56 INSPIRATION: as the walls of the thoracic cavity expand, they pull on the parietal pleura the serous fluid in the pleural cavity holds the pleural membranes tightly together (much like a wet microscope slide will stick to another microscope slide) as the parietal pleura is pulled outward, the visceral pleura follows

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58 INSPIRATION: the lungs expand in all directions and air is pulled inward!! **for a deeper breath, the diaphragm and intercostals muscles contract with more force

59 EXPIRATION: the forces for normal exhalation come from ELASTIC RECOIL of tissues the opposite pressure and volume changes occur pressure inside the lungs increases and forces air out

60 EXPIRATION: How does the pressure inside the lungs increase??? > Diaphragm relaxes (moves upward) > External intercostals muscles relax; thoracic cage moves downward and inward

61 EXPIRATION: Lungs and thoracic cage recoil and return to their original shape the DECREASE IN VOLUME of the thoracic cavity causes an INCREASE IN PRESSURE air is forced out!!

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63 RESPIRATORY AIR VOLUMES AND CAPACITIES: *the amount of air inhaled and exhaled depends upon size, activity level and state of health.

64 TIDAL VOLUME = volume of air an animal inhales & exhales with each breath during normal, quiet breathing (Average = 500 ml in humans)

65 RESPIRATORY AIR VOLUMES AND CAPACITIES: even after forceful expiration, some air remains in the lungs (RESIDUAL VOLUME) why? -so that lungs don t collapse! (alveoli always stay partially inflated) -prevents the O 2 and CO 2 levels from fluctuating greatly ( new air always mixes with old air)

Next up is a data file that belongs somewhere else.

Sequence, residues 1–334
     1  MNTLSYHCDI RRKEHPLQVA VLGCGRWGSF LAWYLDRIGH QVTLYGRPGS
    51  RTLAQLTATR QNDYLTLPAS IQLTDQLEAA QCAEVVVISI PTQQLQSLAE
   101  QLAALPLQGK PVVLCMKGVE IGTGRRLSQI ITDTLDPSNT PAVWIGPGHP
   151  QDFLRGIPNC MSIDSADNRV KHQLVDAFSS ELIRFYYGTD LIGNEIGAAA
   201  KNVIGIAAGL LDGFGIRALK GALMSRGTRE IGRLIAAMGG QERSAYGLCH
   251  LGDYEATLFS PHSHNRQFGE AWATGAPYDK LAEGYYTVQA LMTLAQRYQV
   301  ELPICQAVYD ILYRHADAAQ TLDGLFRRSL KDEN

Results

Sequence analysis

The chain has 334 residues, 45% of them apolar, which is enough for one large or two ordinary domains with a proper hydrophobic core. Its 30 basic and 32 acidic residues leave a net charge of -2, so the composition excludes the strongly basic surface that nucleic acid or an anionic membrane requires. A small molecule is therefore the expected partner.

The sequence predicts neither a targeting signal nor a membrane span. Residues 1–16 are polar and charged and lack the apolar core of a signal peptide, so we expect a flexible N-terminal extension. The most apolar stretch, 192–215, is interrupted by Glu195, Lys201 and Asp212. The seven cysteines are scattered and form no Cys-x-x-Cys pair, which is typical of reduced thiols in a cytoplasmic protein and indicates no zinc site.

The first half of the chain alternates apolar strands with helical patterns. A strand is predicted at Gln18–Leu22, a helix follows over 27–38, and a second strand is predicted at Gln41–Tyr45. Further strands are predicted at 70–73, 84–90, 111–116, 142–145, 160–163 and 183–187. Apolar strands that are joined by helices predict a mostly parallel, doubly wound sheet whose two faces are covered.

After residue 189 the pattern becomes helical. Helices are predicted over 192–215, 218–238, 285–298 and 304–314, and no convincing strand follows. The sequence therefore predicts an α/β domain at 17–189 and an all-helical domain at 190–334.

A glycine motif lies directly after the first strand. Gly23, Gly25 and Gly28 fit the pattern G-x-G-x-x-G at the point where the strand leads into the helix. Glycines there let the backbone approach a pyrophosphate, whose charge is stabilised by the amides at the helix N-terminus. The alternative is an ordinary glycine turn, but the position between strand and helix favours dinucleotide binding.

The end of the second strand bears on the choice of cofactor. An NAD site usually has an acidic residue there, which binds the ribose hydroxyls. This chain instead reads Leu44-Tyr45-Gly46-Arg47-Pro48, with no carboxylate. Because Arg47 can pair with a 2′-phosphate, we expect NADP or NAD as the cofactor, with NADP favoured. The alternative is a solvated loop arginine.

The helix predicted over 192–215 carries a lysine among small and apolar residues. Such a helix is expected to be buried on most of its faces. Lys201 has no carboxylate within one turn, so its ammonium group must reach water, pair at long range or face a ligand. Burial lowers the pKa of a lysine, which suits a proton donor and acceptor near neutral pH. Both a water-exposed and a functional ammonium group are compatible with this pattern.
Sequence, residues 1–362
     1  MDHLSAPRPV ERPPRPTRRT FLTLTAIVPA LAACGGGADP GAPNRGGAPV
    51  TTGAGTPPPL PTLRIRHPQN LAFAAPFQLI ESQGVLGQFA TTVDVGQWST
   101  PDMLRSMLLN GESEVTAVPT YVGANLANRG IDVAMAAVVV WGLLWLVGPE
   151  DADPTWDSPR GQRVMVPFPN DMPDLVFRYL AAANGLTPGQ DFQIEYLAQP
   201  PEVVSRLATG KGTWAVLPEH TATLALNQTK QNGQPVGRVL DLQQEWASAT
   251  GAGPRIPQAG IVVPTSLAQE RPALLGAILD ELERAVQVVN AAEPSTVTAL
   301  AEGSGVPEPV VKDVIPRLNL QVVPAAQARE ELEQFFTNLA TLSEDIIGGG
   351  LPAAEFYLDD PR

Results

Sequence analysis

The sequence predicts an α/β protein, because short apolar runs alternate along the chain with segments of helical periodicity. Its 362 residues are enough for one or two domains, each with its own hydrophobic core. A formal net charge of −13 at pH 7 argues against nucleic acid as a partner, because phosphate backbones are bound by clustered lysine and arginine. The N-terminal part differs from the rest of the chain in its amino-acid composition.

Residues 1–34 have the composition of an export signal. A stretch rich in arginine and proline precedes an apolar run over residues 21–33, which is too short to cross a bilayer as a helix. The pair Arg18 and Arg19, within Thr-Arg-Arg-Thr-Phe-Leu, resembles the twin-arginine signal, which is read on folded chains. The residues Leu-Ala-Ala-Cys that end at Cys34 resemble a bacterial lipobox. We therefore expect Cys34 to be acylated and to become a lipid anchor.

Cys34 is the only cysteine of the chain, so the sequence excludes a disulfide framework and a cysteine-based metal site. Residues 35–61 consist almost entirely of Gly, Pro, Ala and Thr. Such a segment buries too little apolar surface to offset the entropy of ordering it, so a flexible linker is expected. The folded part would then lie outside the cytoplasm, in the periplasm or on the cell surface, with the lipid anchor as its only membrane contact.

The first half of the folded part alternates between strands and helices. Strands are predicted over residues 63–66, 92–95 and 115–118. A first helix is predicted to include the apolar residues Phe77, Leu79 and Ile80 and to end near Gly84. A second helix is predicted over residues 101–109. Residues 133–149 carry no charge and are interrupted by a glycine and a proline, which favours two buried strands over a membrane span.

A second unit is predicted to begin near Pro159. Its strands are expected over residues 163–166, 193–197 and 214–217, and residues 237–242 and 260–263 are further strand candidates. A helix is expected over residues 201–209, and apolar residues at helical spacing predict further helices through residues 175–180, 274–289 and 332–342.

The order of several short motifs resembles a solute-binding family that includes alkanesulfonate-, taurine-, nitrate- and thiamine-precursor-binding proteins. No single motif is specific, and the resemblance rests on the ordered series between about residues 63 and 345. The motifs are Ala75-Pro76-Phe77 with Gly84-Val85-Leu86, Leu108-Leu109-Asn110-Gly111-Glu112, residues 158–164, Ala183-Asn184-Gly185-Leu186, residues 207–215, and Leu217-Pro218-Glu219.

66 RESPIRATORY AIR VOLUMES AND CAPACITIES: VITAL CAPACITY = maximum air volume that can be inhaled & exhaled during forced breathing (Average = ml in humans) -loss of lung elasticity may result in collapse of bronchioles during exhalation -emphysema causes a decrease in vital capacity

67 TOTAL LUNG CAPACITY = VITAL + RESIDUAL CAPACITY VOLUME **all of these volumes/capacities vary with age, sex, and body size

68 Vital capacity

69 NONRESPIRATORY MOVEMENTS: used to clear passageways, or to express emotion COUGH - -may be produced through conscious effort -may be triggered by the presence of a foreign object -clears the object from the lower respiratory tract

70 SNEEZE - -clears the upper respiratory tract -a reflex triggered by a mild irritation in the lining of the nasal cavity -can propel a particle at 200 miles per hour!

71 LAUGHING - involves taking a breath and releasing it in a series of short expirations CRYING - similar to laughing in terms of mechanism HICCUP - a sudden inspiration to a spasmodic contraction of the diaphragm YAWN - may aid respiration by providing an occasional deep breath

72 Disorders and Diseases of the Respiratory System: Asthma Emphysema

73 Disorders and Diseases of the Cancer Respiratory System: Cystic fibrosis

74 Disorders and Diseases of the Respiratory System: Tuberculosis (TB) Pneumonia Common cold

75 Disorders and Diseases of the Flu Respiratory System: Whooping cough Plague

76 Disorders and Diseases of the Strep throat Respiratory System:

77 Disorders and Diseases of the Respiratory System: Bronchitis / laryngitis Normal vocal chords Inflamed vocal chords